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Controls on Plastic Waste Are Getting More Stringent

As more developing countries reject plastic waste exports, wealthy nations seek solutions at home

New restrictions on the shipment of plastic waste has increased pressure on wealthy nations to find solutions at home, not abroad. Photo: Carl Campbell / CC BY-SA / Flickr

Less than two years after China banned most imports of scrap material from abroad, many of its neighbors are following suit. On May 28, Malaysia’s environment minister announced that the country was sending 3,000 metric tons of contaminated plastic wastes back to their countries of origin, including the United States, Canada, Australia, and the United Kingdom. Along with the Philippines, which is sending 2,400 tons of illegally exported trash back to Canada, Malaysia’s stance highlights how controversial the global trade in plastic scrap has become.

Malaysia, Thailand, and Vietnam are all halting flows of plastics that once went to China but were diverted elsewhere after China started refusing it. They are finding support from many nations that are concerned about waste dumping and marine plastic pollution. At a meeting in Geneva in May, 186 countries agreed to dramatically restrict international trade in scrap plastics to prevent plastics dumping.

As I show in my forthcoming book, “Waste,” scrap material of all kinds is both a resource and a threat. The new plastics restriction allows less-wealthy countries to exercise their sovereign right not to accept materials they are ill-equipped to handle. This narrows options for wealthy countries that used to send much of their plastic and paper scrap abroad, and is a small but symbolic step toward curbing plastic waste.

A trade with few rules

The Basel Convention, which governs the international waste trade, was adopted in 1989 in response to egregious cases of hazardous waste dumping on communities in Africa, the Caribbean and Asia. Many of its goals remain unfulfilled, including a ban on shipments of hazardous waste from wealthy to less-wealthy nations for final disposal, and a liability protocol that would assign financial responsibility in the event of an incident. And the agreement has largely failed to encompass newer wastes, particularly discarded electronics.

The new provision, proposed by Norway with broad international support, takes a more aggressive approach. It moves plastic scrap from one category—wastes that can be traded unless directly contaminated—to another group of materials that are not deemed hazardous per se, but are subject to the same trade controls as those classified as hazardous. Now these plastics can be shipped overseas for disposal or recycling only with the express consent of the importing country.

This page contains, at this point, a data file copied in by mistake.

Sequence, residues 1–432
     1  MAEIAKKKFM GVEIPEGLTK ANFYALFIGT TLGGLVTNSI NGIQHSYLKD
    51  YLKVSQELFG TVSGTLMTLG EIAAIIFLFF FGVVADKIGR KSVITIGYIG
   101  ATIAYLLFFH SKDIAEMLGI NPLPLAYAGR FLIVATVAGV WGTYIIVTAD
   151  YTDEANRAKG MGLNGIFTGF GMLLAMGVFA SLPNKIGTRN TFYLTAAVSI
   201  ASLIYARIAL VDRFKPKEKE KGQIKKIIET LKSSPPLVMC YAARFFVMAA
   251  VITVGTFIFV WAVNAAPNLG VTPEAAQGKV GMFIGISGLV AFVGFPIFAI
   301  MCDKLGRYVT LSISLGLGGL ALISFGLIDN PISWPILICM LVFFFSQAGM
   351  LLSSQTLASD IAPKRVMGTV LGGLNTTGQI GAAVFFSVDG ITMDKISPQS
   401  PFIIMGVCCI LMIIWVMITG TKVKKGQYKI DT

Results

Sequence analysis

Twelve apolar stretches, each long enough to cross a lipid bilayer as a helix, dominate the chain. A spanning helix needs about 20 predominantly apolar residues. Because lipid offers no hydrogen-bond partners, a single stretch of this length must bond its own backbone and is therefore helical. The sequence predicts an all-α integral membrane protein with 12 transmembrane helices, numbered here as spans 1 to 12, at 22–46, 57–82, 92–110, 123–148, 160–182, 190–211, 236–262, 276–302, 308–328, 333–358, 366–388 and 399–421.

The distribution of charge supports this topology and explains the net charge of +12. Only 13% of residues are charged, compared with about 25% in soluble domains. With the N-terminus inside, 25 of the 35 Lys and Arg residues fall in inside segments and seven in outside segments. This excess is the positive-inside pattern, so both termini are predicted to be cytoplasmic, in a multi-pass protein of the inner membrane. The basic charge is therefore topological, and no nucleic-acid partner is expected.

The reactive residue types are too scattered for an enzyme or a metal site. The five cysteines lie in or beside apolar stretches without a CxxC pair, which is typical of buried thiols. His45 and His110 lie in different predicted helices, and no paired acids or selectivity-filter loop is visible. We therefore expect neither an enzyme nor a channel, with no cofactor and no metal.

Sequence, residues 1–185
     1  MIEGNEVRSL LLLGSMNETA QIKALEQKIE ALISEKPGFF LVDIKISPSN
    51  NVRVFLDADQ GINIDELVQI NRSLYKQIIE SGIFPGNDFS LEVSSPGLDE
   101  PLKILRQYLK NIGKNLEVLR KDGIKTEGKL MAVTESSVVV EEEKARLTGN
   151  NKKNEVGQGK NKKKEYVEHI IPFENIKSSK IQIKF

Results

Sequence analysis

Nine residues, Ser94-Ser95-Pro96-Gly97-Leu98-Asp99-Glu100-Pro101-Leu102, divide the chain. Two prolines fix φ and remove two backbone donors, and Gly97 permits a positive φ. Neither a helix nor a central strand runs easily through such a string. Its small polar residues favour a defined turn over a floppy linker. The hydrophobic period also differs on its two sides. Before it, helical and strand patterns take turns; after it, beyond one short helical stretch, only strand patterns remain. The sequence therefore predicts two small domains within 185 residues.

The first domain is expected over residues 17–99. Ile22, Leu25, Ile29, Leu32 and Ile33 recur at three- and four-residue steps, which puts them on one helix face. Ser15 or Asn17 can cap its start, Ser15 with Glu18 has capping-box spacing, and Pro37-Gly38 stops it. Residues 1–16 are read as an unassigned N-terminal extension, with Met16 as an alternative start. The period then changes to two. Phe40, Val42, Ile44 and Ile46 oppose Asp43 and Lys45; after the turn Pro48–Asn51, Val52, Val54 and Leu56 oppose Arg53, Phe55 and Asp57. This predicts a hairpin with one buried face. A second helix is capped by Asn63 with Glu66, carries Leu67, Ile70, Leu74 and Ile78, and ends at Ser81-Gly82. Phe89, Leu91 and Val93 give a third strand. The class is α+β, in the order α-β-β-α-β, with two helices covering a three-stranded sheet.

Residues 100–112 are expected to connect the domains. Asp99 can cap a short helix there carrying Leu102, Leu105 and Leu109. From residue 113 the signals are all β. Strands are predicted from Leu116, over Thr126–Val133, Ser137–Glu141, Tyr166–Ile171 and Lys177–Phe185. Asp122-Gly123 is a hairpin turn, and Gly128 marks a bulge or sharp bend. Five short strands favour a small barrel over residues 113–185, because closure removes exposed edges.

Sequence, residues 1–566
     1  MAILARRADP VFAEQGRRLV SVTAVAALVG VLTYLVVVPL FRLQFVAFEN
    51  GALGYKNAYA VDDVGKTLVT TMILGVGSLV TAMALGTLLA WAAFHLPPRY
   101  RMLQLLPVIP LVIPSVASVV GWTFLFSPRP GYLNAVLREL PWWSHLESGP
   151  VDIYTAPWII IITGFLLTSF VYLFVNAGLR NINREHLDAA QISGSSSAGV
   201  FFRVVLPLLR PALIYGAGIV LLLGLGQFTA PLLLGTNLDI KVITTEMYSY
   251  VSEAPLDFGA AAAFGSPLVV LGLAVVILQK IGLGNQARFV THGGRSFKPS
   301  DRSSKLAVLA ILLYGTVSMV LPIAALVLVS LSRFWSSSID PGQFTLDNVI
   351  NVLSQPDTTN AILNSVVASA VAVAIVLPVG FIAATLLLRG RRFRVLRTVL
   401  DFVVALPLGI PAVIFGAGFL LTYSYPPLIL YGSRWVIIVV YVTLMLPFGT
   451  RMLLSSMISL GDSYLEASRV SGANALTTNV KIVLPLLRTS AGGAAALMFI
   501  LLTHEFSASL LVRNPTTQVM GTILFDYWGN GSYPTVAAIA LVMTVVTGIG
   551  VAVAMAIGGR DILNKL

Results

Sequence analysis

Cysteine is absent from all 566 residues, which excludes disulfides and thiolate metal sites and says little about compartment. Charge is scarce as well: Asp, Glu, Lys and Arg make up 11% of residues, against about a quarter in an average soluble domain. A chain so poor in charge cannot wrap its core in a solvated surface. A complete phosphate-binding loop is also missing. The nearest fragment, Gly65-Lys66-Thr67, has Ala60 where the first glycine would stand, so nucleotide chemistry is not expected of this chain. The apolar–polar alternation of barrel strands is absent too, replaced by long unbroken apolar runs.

The United States signed the treaty in 1989, but never ratified it and is not bound by the treaty’s terms. However, Basel Convention member countries cannot accept any restricted waste imports from the United States unless they have reached a bilateral or regional agreement that meets Basel’s environmental provisions. The U.S. already has such an agreement with fellow OECD member countries.

Operation National Sword, China’s policy restricting imports of post-consumer scrap, was a major driver for updating the treaty. Before the ban, China imported nearly half of the world’s scrap plastic and paper. Now scrap exporters in wealthy nations are struggling to find alternate markets overseas and boost domestic recycling.

Crisis and opportunity for U.S. recyclers

Trends in the United States illustrate these wrenching shifts. Plastic scrap exports to China plummeted from around 250,000 tons in the spring of 2017 to near zero in the spring of 2019. Overall, U.S. exports of plastic waste to all countries fell from 750,000 tons to 375,000 tons over the same period.

Most U.S. waste and recycling policies are made at the local level, and the past year has been a transformative period. Without ready markets abroad for scrap, recyclers are raising prices, which in turn is leading some municipalities to reduce or eliminate curbside recycling programs. Many plastic products in groups 3-7, the least recyclable types, are being sent to landfills.

More positively, recycling authorities have launched public education campaigns, and investment in recycling infrastructure is on the rise. There is palpable energy at trade meetings around improving options for plastics recycling. Chinese companies are investing in U.S. pulp and paper recycling plants, and may extend into plastics.

Green-leaning states and cities across the nation have passed strict controls on single-use consumer plastics. However, businesses are pushing back, and have persuaded some U.S. states to adopt preemptive measures barring plastic bag bans.